Colombia’s President Ivan Duque has not once convened the commission in charge of reducing political violence in his country, according to the United Nations.
This became clear on Friday when the UN’s mission chief told the Security Council that the so-called National Commission on Security Guarantees “has not met for many months.”
The Subcommission of the National Commission on Security Guarantees recently met to receive inputs from civil society organizations, but we remain concerned that the Commission itself has not met for many months. Its mandate –the design and implementation of a public policy to dismantle criminal organizations– is essential to put a stop to these killings.
UN mission chief Carlos Ruiz
To be precise, the commission has not met since July 6 last year, one month before Duque’s inauguration.
Meanwhile, almost 1,000 human rights leaders, politicians and community leaders are suffering death threats, according to the Ombudsman. Almost 200 social leaders have been murdered between March 2018 and May this year, ombudsman Carlos Negret said Monday.
Why this commission is crucial to reduce political violence
According to the 2017 law that created the commission, the commission on security guarantees’ objective is “to design and follow up on public and criminal policy related to the dismantling of the criminal organizations and conducts responsible for homicides and massacres, that attack human rights defenders, social and political movements, or that threaten the people who take part in the implementation of the [peace] agreements and the construction of peace, including criminal organizations that have been denominated as successors of paramilitarism and its support networks.”
The same law ordered the prosecution to create a special investigation unit to investigate these “parapolitics” and “para-economics” structures and the ombudsman to create and alert system to that would allow a rapid response in the cases of threats.
This law came into place because the structures behind the far-right violence remained in tact despite the demobilization of paramilitary organization AUC by former President Alvaro Uribe, according to the AUC’s former political chief, Ivan Roberto Duque, a.k.a. “Roberto Baez.”
What happened was a demobilization of an armed wing of the paramilitary system, but as a political, social, economic, almost ‘cultural’ phenomenon it has not disappeared.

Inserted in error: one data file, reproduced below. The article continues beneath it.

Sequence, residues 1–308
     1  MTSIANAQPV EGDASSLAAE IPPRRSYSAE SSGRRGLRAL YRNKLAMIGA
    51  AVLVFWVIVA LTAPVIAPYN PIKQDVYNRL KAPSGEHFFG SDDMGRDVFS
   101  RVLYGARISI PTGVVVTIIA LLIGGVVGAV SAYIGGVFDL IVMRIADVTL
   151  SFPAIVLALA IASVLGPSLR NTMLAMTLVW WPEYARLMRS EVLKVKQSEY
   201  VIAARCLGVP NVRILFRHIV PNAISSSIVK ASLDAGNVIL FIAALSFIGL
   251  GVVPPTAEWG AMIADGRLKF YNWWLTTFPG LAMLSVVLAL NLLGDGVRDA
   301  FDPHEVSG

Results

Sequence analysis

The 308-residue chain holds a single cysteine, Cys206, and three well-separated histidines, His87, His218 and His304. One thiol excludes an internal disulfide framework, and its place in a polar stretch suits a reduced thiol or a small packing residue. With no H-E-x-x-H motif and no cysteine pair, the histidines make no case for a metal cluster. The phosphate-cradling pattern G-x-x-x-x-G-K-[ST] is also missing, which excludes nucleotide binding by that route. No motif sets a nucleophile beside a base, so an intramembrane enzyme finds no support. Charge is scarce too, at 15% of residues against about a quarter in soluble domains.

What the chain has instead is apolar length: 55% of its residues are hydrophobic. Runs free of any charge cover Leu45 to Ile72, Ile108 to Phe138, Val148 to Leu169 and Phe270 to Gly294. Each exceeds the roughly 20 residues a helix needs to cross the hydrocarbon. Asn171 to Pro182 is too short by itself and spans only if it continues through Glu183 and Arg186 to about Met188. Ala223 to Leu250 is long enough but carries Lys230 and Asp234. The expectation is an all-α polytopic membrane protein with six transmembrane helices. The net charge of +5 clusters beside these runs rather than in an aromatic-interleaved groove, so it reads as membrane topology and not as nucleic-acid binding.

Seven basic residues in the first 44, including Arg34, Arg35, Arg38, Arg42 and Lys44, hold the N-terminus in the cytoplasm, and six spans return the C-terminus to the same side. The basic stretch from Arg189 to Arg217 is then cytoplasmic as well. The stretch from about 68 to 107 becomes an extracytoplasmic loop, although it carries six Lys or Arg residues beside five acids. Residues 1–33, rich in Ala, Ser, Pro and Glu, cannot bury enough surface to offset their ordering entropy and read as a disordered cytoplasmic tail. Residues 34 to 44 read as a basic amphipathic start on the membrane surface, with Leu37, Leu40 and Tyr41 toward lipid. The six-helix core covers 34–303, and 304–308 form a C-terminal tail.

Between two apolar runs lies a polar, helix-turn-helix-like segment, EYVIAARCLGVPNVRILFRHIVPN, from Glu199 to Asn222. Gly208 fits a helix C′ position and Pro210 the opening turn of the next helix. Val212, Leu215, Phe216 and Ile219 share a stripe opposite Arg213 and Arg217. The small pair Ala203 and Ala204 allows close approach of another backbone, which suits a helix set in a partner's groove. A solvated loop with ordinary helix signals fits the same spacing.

“If we want peace, we need two fundamental things: We must comply with the agreements… and we must intervene as soon as possible in the issue of the violence” of the AUC successor groups.
In an interview with Spanish news agency EFE, Duque said earlier this month that it is “difficult” to protect individual citizens who assume leadership positions.
What Duque did not say was that this was foreseen by the FARC, former President Juan Manuel Santos and the AUC’s former political chief. Duque’s “difficulty” was exactly the reason why the commission, the prosecution unit and the alert system were created in the first place.
Duque’s increasingly evident conflict of interest
The problem is that is becoming increasingly evident that prominent members of Duque’s far-right party, the Democratic Center, are part of the criminal structures the government must dismantle.
Duque’s political patron, Alvaro Uribe, is investigated by the Supreme Court over the alleged tampering of witnesses who have testified that the former president and his family formed their own death squad.
The government’s land restitution chief was the representative of palm oil plantation owners when they were thrown in jail over their use of death squads to accumulate their land.
It is also evident that some of these structures, particularly the Aguilas Negras, explicitly support Duque and Uribe, and will threaten or assassinate anyone opposing the president, his allies and his policies.
This became painfully evident early this month when the Inspector General suspended the mayor of Tierralta amid suspicions that his family was using the local government, the police and a death squad to protect the wealth they obtained through the illegal dispossession of land from displaced farmers.
Public safety vs. partisan interests
What is concerning the UN, electoral observers and think tanks is that Duque has not just refused to allow the development of policies to reduce political and economical violence, he has pushed through policies that endorsed violence in the past, much to the benefit of the political allies and economical backers that got him into power.
According to the independent Electoral Observation Mission (MOE), particularly the Aguilas Negras are impeding the political participation of movements other than Duque’s Democratic Center party. Violence ahead of October’s local elections is higher than in 2015 when the FARC was still in arms, according to the MOE.
Victim organizations, at the same time, have accused the government of using its Citizens’ Cooperation Network to intimidate rural communities that are critical of the government rather than increase safety.
Other policies and military orders, like the arming of civilians and the allowance to collude with illegal armed groups to combat guerrillas, in the past have done nothing but inflate the so-called uribistas’ wealth and power while destroying public safety or dissuade violence in politics and economic activity.
None of these controversial policy and military directives have been approved by Congress, which like the UN has pushed Duque to implement the peace deal and in particular the National Commission for Security Guarantees.